Jennifer Doudna was a pioneer of CRISPR, which is a gene-editing technology that is being increasingly studied and used across the world. Jennifer relates the genesis of CRISPR to us and explains the pros and cons of giving birth to such a potentially world changing process. On the positive side, she tells us how scientists are already combining her technology with stem cell research to potentially rid the world of sickle cell anemia. On the negative side, she describes a vivid nightmare she had early on in the process wherein she meets Hitler with a pig nose—a David Lynch-ian vision that represents the negative possibilities of what could happen if CRISPR falls into the wrong hands. While the Pig Hitler scenario is a lot less likely to actually happen, Jennifer understands the duality of her role in CRISPR’s creation.
Jennifer Doudna’s most recent book is A Crack in Creation Gene Editing and the Unthinkable Power to Control Evolution.
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Transcript: Well, CRISPR is an acronym that actually represents a sequence of DNA letters in the genomes themselves. It is found in bacteria and it was interesting to scientists originally because it’s a bacterial immune system, a way that bacteria can fight viral infection. But the CRISPR acronym has now become widespread in the media as an indication of a new technology for gene editing. And the story of how an adaptive immune system and bacteria was harnessed as a technology for gene editing is really part of what A Crack in Creation is about.
So the CRISPR gene editing technology is a tool that scientists can use to change the letters of DNA in cells in precise ways. So I like to use the analogy of a word processor on our computer. So we have a document, you can think about the DNA in a cell like the text of a document that has the instructions to tell the cell how to grow and divide and become a brain cell or a liver cell or develop into an entire organism. And just like in a document the CRISPR technology gives scientists a way to go in and edit the letters of DNA just like we might cut and paste text in our document or replace whole sentences even whole paragraphs or chapters. We can now do that using the CRISPR technology in the DNA of cells.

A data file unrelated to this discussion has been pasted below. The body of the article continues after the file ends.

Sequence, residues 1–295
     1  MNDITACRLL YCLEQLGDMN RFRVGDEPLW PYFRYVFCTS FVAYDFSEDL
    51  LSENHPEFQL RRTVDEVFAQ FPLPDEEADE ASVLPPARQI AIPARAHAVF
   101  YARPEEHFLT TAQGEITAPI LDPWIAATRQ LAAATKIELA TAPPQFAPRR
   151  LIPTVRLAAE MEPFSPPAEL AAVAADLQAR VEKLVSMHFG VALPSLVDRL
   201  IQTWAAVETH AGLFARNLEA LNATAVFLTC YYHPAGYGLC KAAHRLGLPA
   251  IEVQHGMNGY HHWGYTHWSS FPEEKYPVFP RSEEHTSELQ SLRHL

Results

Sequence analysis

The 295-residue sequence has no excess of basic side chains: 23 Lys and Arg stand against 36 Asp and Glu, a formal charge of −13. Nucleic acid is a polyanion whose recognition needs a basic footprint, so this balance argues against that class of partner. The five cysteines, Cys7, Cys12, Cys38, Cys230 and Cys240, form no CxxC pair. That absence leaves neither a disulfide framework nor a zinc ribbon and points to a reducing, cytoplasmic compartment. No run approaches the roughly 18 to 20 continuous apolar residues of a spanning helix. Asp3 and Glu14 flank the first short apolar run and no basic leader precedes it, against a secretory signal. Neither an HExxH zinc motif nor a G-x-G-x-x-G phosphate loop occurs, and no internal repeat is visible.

So, we think about a technology that allows precise changes to DNA to be made, for scientists this is sort of really a gift that allows research to proceed very quickly in terms of understanding the genetics of cells and organisms, but also provides a very practical way to solve problems. There’s many that we could discuss, but I’ll mention a couple that I think are particularly exciting.
So in clinical medicine, the opportunity to make changes to blood cells that would cure diseases like Sickle Cell Anemia disease, where we’ve understood the genetic cause or for a long time but until now there hasn’t been a way to actually think about treating patients. And now with this technology it’s possible, in principle, to remove stem cells that give rise to blood cells in a person’s body, make edits to those cells that would correct the mutation causing Sickle cell disease and then replace those cells to essentially give a patient a new set of cells that don’t have the defect. So I think that’s very exciting, and there are multiple research groups right now working on doing just that. So I think that’s a future probably sometime in the next two to five years we will see clinical trials in that area, and we hope a real progress toward curing that disease.
But another example that I think is also potentially very impactful clinically—but it has a very different kind of strategy—is the idea of making edits to pigs to create animals that are going to be better organ donors for humans. And so pigs are already of interest for organ donation, but imagine that we could make edits to the DNA of pigs to make their organs more human like and also to remove any viruses from pig cells that might otherwise infect a patient and those are both things that are actively underway using the CRISPR technology.